So Abu Grabass and a few Iraqis photographed wearing knickers on their head, is the same as Danny Pearl having his actual head cut off on camera for the amusement of You Tube.

    And so on. It would be amusing if it wan’t so disgusting.


  27. David Vance says:

    Jack and David,

    Totally agree with you – Shamnesty sicken me – I have debated them on-air when they were once again shilling for ex-Gitmo UK jihadists.


  28. AndrewSouthLondon says:

    Broadcast to the world, picked up in France this morning, courtesy of “The BBC from London”, main item of world news was this this denouncement of the US by Amnesty International. “World News” from the BBC? Its not just in this country you have to vomit. The BBC shames itself by puporting to make this squalid press release the major news item in the whole world.


  29. BaggieJonathan says:

    No amnesty international US based stuff in the last 12 months.

    Are you having a laugh?

    Amnesty International always runs far more anti American stuff than anyone else.

    Or are you saying Amnesty International did not run these and many many more on their own website…

    14th May 2008

    8th May 2008

    18th April 2008

    14th March 2008

    I could go on, but you get the idea…


  30. Bryan says:

    Debate on WHYS on Amnesty last night with Khan as guest, dressing her bias up in fine words and lofty principles. Two Israelis who share the widespread distaste for Amnesty called in, but weren’t given much of a say, constantly interrupted by Ros Atkins, the host. In the case of the second caller, Gerald Steinberg, they appeared to fade his volume out, but of course that could have just been the phone connection, hmmmm.

    WHYS: 28 May 08: Human Rights at 60. Whose rights? Whose responsibility?
    Darfur, Zimbabwe, Gaza , Burma and Iraq are named as places where immediate action is called for – but just what should the world do ? And should Amnesty itself stop talking and start encouraging direct action ? Or are human rights getting in the way of that?

    (I like the way they lump Gaza in with a bunch of despicable rogue states, obviously intending Israel to be viewed as a rogue state oppressing Gazans rather than pointing the finger, as it should be pointed, at Hamas.)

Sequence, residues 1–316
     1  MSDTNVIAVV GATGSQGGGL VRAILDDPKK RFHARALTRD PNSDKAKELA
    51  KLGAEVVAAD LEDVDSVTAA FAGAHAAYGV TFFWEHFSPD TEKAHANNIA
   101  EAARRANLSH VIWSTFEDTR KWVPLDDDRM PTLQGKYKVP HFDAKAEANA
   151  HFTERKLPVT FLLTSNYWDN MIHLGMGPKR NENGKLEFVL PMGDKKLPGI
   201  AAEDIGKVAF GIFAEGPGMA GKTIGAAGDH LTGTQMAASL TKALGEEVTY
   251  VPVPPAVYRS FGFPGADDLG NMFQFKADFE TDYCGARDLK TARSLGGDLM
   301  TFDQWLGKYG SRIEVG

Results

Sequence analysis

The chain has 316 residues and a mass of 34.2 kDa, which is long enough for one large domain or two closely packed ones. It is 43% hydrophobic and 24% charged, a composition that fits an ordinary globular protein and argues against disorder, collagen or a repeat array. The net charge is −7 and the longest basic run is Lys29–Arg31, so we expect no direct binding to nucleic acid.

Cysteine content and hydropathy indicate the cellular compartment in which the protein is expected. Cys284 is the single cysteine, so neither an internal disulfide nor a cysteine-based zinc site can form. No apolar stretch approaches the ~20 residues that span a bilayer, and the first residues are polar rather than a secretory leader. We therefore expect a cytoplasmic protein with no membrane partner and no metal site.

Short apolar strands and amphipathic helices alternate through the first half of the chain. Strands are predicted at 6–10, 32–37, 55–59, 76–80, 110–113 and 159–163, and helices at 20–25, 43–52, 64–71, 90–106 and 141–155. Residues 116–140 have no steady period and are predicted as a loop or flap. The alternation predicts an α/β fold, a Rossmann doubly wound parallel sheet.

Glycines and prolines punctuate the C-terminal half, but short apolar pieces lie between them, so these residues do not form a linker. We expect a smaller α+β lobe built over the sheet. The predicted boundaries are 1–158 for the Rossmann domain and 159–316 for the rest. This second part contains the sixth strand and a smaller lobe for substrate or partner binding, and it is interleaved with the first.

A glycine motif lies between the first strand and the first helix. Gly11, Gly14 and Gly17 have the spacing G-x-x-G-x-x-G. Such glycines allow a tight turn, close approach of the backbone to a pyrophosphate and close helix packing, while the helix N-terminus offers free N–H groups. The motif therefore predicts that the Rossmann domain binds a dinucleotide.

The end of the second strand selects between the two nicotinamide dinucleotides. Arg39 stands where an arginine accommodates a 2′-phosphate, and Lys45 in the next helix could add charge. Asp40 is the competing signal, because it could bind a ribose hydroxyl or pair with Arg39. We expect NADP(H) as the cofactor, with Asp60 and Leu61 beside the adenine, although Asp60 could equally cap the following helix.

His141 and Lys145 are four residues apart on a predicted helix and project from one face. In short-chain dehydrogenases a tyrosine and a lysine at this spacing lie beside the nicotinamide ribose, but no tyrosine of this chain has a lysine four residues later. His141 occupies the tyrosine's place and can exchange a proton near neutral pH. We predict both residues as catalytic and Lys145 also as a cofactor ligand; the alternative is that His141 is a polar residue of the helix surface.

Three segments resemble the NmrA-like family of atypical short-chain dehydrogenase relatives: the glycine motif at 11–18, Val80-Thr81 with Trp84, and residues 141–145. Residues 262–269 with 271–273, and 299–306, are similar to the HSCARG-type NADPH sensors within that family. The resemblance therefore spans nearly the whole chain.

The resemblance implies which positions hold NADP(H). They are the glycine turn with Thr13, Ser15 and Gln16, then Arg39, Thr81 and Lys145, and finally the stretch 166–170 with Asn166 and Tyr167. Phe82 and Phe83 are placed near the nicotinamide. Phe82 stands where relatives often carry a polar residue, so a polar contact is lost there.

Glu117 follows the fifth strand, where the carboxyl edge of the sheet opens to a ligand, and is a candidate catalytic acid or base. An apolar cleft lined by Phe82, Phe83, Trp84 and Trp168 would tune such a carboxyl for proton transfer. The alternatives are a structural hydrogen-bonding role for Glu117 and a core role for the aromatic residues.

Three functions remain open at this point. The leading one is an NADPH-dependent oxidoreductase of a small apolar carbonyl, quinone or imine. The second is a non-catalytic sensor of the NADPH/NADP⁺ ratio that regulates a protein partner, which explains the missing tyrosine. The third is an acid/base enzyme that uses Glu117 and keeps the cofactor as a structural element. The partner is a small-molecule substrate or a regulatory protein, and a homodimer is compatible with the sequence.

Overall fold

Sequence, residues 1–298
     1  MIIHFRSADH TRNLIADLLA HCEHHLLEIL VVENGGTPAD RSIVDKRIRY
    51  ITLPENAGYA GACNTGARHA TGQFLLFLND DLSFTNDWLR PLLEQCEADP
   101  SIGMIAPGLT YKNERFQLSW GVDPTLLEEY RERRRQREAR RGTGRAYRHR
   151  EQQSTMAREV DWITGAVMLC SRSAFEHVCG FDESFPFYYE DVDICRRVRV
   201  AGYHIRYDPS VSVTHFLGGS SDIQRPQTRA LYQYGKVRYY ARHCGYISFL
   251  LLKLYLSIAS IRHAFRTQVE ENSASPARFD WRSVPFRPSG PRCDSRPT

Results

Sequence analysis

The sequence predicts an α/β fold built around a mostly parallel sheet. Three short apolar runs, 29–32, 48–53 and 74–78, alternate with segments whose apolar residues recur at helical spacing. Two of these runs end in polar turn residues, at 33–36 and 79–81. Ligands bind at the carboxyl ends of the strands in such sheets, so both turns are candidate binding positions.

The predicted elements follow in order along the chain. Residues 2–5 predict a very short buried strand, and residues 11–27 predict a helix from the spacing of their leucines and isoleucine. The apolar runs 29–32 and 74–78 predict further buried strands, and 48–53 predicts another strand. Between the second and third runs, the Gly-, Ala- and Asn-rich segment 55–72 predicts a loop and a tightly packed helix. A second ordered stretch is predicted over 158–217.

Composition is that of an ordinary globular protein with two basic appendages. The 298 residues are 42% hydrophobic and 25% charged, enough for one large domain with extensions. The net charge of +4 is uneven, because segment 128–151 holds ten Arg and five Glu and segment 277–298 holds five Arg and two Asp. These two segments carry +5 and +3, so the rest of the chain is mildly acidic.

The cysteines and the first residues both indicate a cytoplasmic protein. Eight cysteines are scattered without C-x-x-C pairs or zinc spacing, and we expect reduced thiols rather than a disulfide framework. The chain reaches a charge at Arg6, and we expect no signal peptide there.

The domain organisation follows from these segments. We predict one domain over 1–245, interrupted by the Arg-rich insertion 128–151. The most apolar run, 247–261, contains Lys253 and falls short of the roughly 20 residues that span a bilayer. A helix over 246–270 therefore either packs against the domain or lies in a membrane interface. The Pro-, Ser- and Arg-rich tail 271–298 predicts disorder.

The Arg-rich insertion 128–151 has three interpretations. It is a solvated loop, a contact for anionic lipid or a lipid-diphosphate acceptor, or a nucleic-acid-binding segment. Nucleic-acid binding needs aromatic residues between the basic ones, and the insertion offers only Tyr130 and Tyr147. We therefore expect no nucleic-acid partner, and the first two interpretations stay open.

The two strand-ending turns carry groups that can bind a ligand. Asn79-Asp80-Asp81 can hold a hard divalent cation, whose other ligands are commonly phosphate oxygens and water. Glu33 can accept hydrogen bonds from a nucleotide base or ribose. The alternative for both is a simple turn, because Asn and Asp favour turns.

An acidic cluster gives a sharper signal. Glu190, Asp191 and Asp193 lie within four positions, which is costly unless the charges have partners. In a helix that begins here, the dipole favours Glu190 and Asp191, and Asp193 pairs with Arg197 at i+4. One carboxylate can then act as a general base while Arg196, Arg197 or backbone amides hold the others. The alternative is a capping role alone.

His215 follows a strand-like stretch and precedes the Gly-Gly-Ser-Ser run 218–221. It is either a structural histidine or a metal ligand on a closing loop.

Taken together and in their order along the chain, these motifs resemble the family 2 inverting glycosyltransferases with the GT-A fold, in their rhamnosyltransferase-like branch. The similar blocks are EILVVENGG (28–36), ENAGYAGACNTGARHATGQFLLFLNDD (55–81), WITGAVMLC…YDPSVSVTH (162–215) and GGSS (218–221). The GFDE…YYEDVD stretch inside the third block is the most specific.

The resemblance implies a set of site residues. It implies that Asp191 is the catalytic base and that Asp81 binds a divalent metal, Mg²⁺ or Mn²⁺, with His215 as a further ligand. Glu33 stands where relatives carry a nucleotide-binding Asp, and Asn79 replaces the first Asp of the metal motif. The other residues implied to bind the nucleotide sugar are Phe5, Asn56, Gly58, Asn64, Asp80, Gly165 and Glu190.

Link’ll be good for six days.

    Main article and comments, quite a flood of them:


  31. JK says:

    I’m a very regular browser, but don’t comment often, but here’s my $0.02 worth.

    There is a risk of confusing issues in my opinion. I heard the report by Amnesty, and found it really irritating and repulsive. There is no way there can be any equivalence between the countries mentioned already, and the U.S, UK, Israel etc.

    Still though, we DO expect a higher standard of behavior from ‘Westerners’. I think that the US, UK, European, Israeli armies should have a high moral standard and should be called to account, irrespective of the actions of other states and armies, simply because they should not be comparable. We hold them to our standards.

    Amnesty do have a right though to highlight injustices everywhere. The BBC though, should not let Amnesty compare publicly any moral equivalence.


  32. Nearly Oxfordian says:

    Still though, we DO expect a higher standard of behavior from ‘Westerners’.

    Err, no, ‘we’ don’t. You may do, but you don’t speak for everybody else.

    I expect (in the sense that I regard it as a moral imperative) the same standard of behaviour from everybody. True, I don’t expect it from certain groups of savages – Islamo-Nazis, for example – in the sense that I think it is realistically going to happen. But that’s not what the debate it about. It’s about whether AI should make this distinction in the criteria it applies. It doesn’t. This makes it racist.

    Amnesty do have a right though to highlight injustices everywhere.

    Legally, yes. Morally, they have lost it long ago by becoming politicised, discriminatory and racist. Quite a bit like Al Beeb, in fact.


  33. JK says:

    I do agree with you, except that what I might like to expect, morally, and what I do expect are different.


  34. Gordon says:

    NO and JK
    You are both right in that all human beings are bound by certain ethical standards and that we* alone hold ourselves to them.
    Kipling’s poem “The White Man’s Burden” expresses this well.
    Where I differ from Amnesty and the BBC is that in their book this is never to be alluded to.
    * I leave to you to interpret what “we” means. Nothing to do with skin colour of course.


  35. George R says:

    If this report is true, where was Khan’s reference to it on her free publicity ‘open-day’ at the BBC?

    And where is the BBC’s reporting of the plight of Mr. FOULADVAND, a British citizen, in Iran?

    It couldn’t be that the BBC doesn’t want to offend Ahmadinejad by refusing to report the case, could it?

    “Qur’an critic to be executed in Iran within days”